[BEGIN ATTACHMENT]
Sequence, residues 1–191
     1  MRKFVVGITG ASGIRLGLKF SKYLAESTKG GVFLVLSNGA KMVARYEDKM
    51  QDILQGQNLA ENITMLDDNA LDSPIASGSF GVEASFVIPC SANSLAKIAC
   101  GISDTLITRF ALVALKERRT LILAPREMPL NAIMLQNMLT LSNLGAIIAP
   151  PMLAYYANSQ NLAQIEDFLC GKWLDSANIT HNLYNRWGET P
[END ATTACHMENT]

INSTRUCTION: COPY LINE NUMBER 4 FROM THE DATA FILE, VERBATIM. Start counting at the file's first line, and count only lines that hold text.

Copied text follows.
   101  GISDTLITRF ALVALKERRT LILAPREMPL NAIMLQNMLT LSNLGAIIAP